This was a problem for a few reasons - I couldn't install the software I needed for my Open University course, the laptop only worked for internet access when connected through the corporate VPN, but the most significant thing is I'm leaving at the end of next week with a view to going contracting.

So having decided I couldn't really justify the expense of a new Apple, I placed an order with Dell for a generally well specced, beefed up laptop. Yesterday I received an automatic call saying "your new laptop will be delivered tomorrow am". Generally quite impressed - they've only taken about ten days to assemble the laptop and ship it from China. (Yes, I'm the sort of saddo that regularly checks the shipping info on their site to find out where the laptop was).

And that's where the entire thing fell apart.

I spent the morning at home on tenterhooks waiting for the doorbell to ring. Regular checks showed me that the laptop had left the depot in Chelmsford at 9:45.

And I waited.

And I waited.

And I waited.

By two o'clock, I was starting to wonder where the laptop had got to. At quarter past 2, I reloaded the shipping page to discover it had been signed for at 12:08 by someone called "J Jones." I've no idea who J Jones is.

So a quick call to Dell.

Me: "I'm wondering where my laptop is. According to the shipping stuff, it's been delivered, but it's not here! It's signed by someone called J. Jones, who I've never heard of"

Dell in Delhi(*): "Please hold Sir... Sir, according to our records, the laptop is delivered and J. Jones signed for it".

Me: "Yes, I just said that. The thing is, there's no J Jones here. We've been here all morning, so it's not like the delivery people left it with the neighbour. Not that I think we have any Jones as neighbours".

Dell: "i'm sorry Sir, but it's marked as delivered."

Me: "No it isn't".

Dell: "Well Sir, I can ask the carrier to send us the slip, which I can then email to you."

Me: "which will prove it was signed for by someone I've never, ever heard of. Can't you just take my word for it now?"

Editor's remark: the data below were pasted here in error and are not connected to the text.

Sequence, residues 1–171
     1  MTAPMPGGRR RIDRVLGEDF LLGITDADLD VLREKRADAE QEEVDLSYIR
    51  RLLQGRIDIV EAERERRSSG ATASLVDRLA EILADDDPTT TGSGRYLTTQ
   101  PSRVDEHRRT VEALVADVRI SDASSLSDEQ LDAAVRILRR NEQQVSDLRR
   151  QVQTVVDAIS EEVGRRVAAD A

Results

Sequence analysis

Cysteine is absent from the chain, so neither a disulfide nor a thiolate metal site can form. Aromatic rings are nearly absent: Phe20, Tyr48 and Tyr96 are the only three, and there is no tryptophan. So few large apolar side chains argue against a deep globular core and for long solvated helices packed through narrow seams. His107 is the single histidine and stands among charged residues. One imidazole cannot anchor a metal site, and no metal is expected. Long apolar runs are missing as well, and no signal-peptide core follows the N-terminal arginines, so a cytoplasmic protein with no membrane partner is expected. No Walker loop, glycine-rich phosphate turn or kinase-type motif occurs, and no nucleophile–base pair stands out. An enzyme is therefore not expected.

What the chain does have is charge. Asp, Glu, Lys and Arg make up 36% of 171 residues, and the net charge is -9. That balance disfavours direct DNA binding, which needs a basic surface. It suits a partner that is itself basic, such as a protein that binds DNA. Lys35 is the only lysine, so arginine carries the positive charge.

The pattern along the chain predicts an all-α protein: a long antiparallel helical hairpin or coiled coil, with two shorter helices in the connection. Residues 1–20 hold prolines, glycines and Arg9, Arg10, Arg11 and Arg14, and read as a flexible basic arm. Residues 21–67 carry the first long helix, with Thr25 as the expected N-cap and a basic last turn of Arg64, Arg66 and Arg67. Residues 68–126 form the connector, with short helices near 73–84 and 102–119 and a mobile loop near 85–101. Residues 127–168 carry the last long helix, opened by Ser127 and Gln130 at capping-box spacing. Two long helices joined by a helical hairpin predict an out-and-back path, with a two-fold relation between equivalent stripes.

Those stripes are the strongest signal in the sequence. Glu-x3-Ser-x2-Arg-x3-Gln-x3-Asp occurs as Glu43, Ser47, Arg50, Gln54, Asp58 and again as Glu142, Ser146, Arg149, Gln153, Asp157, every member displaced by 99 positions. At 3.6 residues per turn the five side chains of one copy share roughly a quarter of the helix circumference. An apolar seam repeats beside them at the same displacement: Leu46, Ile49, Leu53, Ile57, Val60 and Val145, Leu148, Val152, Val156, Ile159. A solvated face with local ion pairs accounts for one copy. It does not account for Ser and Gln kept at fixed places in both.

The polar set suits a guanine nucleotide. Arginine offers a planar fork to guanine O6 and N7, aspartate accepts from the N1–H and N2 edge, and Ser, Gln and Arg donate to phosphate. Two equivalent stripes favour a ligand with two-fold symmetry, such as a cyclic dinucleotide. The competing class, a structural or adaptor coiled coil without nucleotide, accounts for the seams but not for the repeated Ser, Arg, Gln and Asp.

Dell: "Sorry Sir. I need an email. I will contact you by end of the day".

I rang them an hour later, to get the "no news message." I did suggest that while they were at it, they should find out where the laptop is (if it's been misdelivered to another house in the village / borough / county I'm sad enough to drive over to get it!). I also tried to contact the courier company direct (Walsh Western, now Syncreon) but their automated systems can only tell me the laptop is "delivered".

At 5:30, I call back, as I still haven't received my email. Dell in Delhi informed me that that the lady I had dealt with earlier had gone home, but it would be 48 hours before they would get the slip from the courier. When I get through to customer service, they are about as much help as Gordon Brown is to Labour's re-election prospects. At this point I decide I've had enough - I want to cancel as the alternative seems to be fighting Dell's multi menu system to get through to people who can't tell me what's going for at least another week. I'm then informed that I can't cancel the order until "their investigation is complete" as the laptop has been "delivered". My insistence that:
  • It hadn't been delivered to the delivery address.
  • It hadn't been signed for by anyone known to anyone at the delivery address.
  • I reminded them that Dell that on their own website it's very clear for security reasons they will only deliver to the address on the credit card. They clearly have not done this!